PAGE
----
Wednesday, April 10, 2013

Real Talk With Rachel: It's My Party and You'll Pay If I Want You To

by Rachel Kurzius

Dear Rachel,

So a friend of mine is soon to celebrate his 40th birthday. He wanted to do something special with a group of friends. He had considered a celebration weekend in Sonoma, Miami, New York, etc. In the end he decided to throw a dinner at the Inn at Little Washington and a brunch to follow the next day at a

He had another friend email everyone the invitation and arrange that we all not only pay for ourselves but for the birthday boy as well.

Is it me, or is this cheap? How common is it for someone to arrange their own party at one of the most expensive venues in the area then expect all the guests to pay for it?

Who’s the Cheap Friend?

Dear Who’s the Cheap Friend,

When it comes to birthday celebrations, the guest of honor can choose between control and coasting, but your friend is trying to have the best of both worlds. That makes him the cheap one in my book.

Let me explain further about these choices. Sometimes, birthday boys and girls have a specific vision for how they’d like to celebrate. If they’re celebrating a birthday in the double-digits, they are responsible for communicating this vision and, as they reach adulthood, executing it. This is the “control” option. The big plus is that you do what you want with who you want. Think about throwing a big bash or dinner party. The negative -- the work and expenses.

On the other side of the spectrum is coasting. If you decide to coast on your birthday, that means you’re dependent on the good will of your friends and loved ones. Ain’t nothing wrong with that, so long as you’ve got some good friends and loved ones. This choice has an element of surprise, though you might end up being surprised to learn that nobody remembered your birthday. On the plus side, you'll spend very little.

Despite my gut telling me as soon as I read your letter that your friend is a cheapo, I headed over to the Inn at Little Washington’s website to scope out the menu. There are no prices on this menu. Not a good sign for your wallet.

The irony is that most of the time, a birthday dinner results in all of the participants chipping in for the guest of honor, anyway. Despite the modest protestations of the birthday boy or girl, everyone else insists, and the meal becomes a present. It’s one of those implicit niceties. By making it so explicit, your friend ends up looking tacky.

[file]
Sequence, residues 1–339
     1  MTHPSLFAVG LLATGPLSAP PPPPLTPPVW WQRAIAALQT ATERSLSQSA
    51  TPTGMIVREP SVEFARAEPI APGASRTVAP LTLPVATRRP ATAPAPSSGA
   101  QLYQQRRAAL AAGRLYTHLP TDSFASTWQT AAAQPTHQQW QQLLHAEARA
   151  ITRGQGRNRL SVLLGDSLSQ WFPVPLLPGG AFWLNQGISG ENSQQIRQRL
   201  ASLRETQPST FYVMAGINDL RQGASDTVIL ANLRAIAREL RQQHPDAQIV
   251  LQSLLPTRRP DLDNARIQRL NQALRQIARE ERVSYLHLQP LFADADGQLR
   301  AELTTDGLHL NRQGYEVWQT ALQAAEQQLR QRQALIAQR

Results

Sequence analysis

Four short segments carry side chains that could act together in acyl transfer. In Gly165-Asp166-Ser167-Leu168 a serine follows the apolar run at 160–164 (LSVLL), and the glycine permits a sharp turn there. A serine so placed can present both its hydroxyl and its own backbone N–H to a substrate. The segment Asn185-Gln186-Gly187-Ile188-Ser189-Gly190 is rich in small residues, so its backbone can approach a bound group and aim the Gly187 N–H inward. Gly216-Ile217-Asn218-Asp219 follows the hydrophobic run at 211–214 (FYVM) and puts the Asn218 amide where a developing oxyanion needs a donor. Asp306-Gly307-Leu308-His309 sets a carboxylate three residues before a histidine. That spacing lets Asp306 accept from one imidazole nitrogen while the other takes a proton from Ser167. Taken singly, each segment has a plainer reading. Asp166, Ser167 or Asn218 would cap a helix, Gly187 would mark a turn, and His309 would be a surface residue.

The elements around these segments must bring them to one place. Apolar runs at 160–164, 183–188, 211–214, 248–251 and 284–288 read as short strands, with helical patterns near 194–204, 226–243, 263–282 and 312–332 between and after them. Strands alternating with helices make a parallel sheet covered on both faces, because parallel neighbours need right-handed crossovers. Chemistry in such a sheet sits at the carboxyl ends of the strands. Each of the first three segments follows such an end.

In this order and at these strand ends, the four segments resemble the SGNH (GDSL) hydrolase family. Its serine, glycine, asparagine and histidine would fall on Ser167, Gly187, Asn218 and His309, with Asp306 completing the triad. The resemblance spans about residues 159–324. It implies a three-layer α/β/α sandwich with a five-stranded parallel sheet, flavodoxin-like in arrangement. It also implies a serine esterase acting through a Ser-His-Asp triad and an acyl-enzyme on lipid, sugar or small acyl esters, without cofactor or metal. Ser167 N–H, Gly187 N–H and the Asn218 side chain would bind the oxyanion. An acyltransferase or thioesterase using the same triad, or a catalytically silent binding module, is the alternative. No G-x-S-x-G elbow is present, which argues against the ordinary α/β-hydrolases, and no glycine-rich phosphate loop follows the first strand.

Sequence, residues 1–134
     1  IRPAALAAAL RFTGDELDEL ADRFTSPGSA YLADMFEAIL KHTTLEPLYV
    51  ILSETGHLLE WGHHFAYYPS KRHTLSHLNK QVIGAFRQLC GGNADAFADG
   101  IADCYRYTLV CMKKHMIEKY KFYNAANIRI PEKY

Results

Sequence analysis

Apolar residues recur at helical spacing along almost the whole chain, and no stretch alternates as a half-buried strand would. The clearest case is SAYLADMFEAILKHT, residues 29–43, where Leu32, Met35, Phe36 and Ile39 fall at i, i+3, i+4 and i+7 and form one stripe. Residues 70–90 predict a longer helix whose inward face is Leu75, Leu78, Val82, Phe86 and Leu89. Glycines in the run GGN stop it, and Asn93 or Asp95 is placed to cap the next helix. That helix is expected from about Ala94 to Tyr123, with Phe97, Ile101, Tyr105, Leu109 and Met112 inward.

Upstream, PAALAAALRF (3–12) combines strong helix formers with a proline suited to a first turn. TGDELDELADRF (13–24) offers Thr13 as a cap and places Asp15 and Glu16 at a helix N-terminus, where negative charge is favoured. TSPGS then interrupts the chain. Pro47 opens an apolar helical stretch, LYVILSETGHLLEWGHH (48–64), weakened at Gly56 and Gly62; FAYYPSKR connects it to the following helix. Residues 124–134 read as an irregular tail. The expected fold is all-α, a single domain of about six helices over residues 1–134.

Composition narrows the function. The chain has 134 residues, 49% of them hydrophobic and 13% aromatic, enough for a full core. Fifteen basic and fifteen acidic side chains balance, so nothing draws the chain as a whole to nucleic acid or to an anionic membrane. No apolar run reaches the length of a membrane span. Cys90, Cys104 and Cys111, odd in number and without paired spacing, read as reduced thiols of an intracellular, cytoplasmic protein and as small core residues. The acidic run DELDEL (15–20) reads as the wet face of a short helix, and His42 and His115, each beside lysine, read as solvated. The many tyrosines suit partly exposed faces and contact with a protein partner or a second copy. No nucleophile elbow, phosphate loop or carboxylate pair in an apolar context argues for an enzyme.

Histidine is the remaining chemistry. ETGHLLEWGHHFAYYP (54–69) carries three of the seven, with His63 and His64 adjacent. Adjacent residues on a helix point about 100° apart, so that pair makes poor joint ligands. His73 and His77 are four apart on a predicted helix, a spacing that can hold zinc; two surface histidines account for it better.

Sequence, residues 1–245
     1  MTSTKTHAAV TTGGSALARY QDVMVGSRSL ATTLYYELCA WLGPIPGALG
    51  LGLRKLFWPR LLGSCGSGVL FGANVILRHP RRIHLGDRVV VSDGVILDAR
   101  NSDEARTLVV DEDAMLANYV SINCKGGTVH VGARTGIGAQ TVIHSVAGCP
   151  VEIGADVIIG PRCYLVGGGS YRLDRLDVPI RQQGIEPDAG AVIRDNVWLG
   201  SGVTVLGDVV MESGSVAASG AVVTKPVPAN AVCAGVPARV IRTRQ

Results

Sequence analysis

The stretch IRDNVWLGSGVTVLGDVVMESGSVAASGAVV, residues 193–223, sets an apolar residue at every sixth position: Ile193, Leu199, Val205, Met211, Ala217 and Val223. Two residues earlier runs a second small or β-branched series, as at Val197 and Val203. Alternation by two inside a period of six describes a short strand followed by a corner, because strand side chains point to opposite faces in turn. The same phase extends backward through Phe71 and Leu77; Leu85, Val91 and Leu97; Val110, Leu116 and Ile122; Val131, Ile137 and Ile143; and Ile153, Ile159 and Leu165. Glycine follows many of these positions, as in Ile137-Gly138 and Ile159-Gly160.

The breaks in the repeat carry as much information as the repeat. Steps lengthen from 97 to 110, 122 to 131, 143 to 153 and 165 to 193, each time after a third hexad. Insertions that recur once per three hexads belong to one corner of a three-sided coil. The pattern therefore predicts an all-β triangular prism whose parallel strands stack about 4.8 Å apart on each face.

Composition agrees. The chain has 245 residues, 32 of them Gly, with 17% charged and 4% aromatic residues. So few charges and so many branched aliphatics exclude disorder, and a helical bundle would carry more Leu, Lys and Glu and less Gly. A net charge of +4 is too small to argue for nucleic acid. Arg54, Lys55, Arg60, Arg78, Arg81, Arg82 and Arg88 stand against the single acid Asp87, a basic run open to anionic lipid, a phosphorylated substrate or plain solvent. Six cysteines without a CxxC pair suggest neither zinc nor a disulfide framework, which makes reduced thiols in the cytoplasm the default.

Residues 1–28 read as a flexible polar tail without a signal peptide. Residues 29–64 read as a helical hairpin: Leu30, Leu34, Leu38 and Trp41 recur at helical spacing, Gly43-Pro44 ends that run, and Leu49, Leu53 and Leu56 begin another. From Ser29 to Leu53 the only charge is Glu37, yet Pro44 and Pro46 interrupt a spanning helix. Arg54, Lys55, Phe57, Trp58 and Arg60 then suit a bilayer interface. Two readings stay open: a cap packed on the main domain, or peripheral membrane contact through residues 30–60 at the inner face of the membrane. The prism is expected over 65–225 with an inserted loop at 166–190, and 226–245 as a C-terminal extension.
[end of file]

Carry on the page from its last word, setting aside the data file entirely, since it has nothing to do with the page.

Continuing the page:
So Mr. Tacky and Cheap is turning 40. Can you afford to join him on his decadent weekend? If the answer truly is no, you should tell him that, while his plans sound fantastic, you just don’t have the ability to join in. But from your letter, it seemed more like a moral than economic outrage. The big 4-0 might be hitting him harder than you think and clouding his judgment.

That doesn’t mean you’re obliged to join him for both segments of the wanton weekend. Do whatever you feel comfortable with, and don’t forget to skip the present.

All my best,


p.s. Who is this other friend sending the email, a/k/a hatchet man for the birthday boy? Is he getting a free meal too?

Rachel Kurzius revels in giving advice, and has provided counsel both as a columnist and a friend. She lives in Washington DC, where she works as a news producer. Real Talk with Rachel is published on All Life is Local and the Cleveland Park Listserv,, on Wednesdays. Need advice? You
can write to Rachel via


  1. OMG! If this is his idea of how to celebrate turning just a measly 40, I can't even begin to imagine what kind of plans this tacky dude would try to impose on his friends and acquaintances when he turns 50.

    I'm guessing that his guest list may shrink considerably between now and then, though, because these birthday plans of his have "self-absorbed jerk" written all over them.

    I noted the absence of a mention about a significant other, too, but that's not surprising. If I was the friend who wrote to you, Rachel, I'd sever my ties with someone like him, and heaven help anyone who would date someone who seems to be so full of himself.

  2. Thanks for the input! Everyone I inquired about this practice seemed repulsed by it. I also got the impression it was somewhat commonplace. After all, many could come up with some examples from their own lives of getting snookered into paying way more than they bargained for during a celebration. Sometimes it's worth a hundred dollars to learn your friend's true nature...though certainly unfortunate.